on this #MemorialDay, i am reminded of the 1988 “why we fight” speech given by queer rights and AIDS activist vito russo (july 11, 1946 – november 7, 1990) at ACT UP rallies.
may these selections serve as a reminder to those of us who were drafted into this war - we are not and we were never alone in our rage.
“Living with AIDS is like living through a war which is happening only for those people who happen to be in the trenches. Every time a shell explodes, you look around and you discover that you’ve lost more of your friends, but nobody else notices. It isn’t happening to them. They’re walking the streets as though we weren’t living through some sort of nightmare. And only you can hear the screams of the people who are dying and their cries for help. No one else seems to be noticing.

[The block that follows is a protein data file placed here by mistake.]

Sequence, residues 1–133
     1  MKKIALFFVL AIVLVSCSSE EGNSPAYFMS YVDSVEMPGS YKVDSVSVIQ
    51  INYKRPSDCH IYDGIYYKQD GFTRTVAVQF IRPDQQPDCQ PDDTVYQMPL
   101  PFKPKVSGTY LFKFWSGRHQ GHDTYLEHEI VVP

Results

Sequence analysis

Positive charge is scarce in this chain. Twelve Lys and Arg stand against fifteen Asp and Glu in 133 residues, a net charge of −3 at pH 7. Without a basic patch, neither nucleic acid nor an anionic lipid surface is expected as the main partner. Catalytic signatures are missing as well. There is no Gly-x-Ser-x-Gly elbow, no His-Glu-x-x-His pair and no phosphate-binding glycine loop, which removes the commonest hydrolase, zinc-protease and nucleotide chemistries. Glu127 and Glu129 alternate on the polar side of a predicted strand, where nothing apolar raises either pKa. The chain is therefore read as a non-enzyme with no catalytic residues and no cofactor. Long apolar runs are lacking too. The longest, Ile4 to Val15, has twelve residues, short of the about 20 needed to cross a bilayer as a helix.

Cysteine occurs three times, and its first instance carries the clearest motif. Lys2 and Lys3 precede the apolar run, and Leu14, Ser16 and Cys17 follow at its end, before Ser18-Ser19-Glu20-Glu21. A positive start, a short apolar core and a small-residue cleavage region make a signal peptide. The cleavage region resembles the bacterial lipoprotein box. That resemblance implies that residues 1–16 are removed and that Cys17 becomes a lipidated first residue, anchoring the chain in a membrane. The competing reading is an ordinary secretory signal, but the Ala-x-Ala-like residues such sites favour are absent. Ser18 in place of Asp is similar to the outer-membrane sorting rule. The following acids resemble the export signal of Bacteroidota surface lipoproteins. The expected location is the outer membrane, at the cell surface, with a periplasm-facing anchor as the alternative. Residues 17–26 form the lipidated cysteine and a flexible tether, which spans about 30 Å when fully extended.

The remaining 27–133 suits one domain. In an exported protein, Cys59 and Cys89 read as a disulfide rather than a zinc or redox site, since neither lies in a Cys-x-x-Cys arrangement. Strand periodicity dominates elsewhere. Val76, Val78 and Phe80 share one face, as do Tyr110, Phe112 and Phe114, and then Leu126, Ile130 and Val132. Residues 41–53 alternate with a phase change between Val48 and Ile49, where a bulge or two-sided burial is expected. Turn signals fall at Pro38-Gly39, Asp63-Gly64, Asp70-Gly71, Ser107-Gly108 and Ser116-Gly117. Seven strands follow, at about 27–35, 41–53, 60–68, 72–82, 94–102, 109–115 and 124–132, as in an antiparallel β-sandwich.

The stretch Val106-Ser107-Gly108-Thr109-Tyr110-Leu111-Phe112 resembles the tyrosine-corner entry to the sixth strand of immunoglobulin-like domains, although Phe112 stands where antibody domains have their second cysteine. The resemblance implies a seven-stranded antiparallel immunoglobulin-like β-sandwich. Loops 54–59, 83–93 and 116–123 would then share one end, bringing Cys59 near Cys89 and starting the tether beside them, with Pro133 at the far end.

And it’s worse than a war, because during a war people are united in a shared experience. This war has not united us, it’s divided us. It’s separated those of us with AIDS and those of us who fight for people with AIDS from the rest of the population.
Someday, the AIDS crisis will be over. Remember that. And when that day comes — when that day has come and gone, there’ll be people alive on this earth — gay people and straight people, men and women, black and white, who will hear the story that once there was a terrible disease in this country and all over the world, and that a brave group of people stood up and fought and, in some cases, gave their lives, so that other people might live and be free.
And then after we kick the shit out of this disease, we are all gonna be alive to kick the shit out of this system so that this never happens again.”
Rest in power, Vito. You and millions of others would still be here had it not been for this government’s willful neglect and failure.